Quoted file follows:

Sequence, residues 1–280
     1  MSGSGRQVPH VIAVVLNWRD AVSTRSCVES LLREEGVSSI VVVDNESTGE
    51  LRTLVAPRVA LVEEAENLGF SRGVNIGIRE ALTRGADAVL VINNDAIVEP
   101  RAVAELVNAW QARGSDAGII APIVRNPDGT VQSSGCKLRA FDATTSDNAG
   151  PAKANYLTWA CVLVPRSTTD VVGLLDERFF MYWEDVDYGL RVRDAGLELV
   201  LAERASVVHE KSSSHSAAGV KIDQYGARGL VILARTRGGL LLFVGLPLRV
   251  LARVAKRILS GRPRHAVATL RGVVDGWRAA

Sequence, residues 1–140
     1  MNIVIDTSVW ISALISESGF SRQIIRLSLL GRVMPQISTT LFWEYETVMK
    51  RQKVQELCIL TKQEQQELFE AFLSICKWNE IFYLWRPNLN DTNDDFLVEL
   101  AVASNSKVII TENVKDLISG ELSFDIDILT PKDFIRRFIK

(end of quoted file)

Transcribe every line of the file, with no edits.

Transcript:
Sequence, residues 1–280
     1  MSGSGRQVPH VIAVVLNWRD AVSTRSCVES LLREEGVSSI VVVDNESTGE
    51  LRTLVAPRVA LVEEAENLGF SRGVNIGIRE ALTRGADAVL VINNDAIVEP
   101  RAVAELVNAW QARGSDAGII APIVRNPDGT VQSSGCKLRA FDATTSDNAG
   151  PAKANYLTWA CVLVPRSTTD VVGLLDERFF MYWEDVDYGL RVRDAGLELV
   201  LAERASVVHE KSSSHSAAGV KIDQYGARGL VILARTRGGL LLFVGLPLRV
   251  LARVAKRILS GRPRHAVATL RGVVDGWRAA

Sequence, residues 1–140
     1  MNIVIDTSVW ISALISESGF SRQIIRLSLL GRVMPQISTT LFWEYETVMK
    51  RQKVQELCIL TKQEQQELFE AFLSICKWNE IFYLWRPNLN DTNDDFLVEL
   101  AVASNSKVII TENVKDLISG ELSFDIDILT PKDFIRRFIK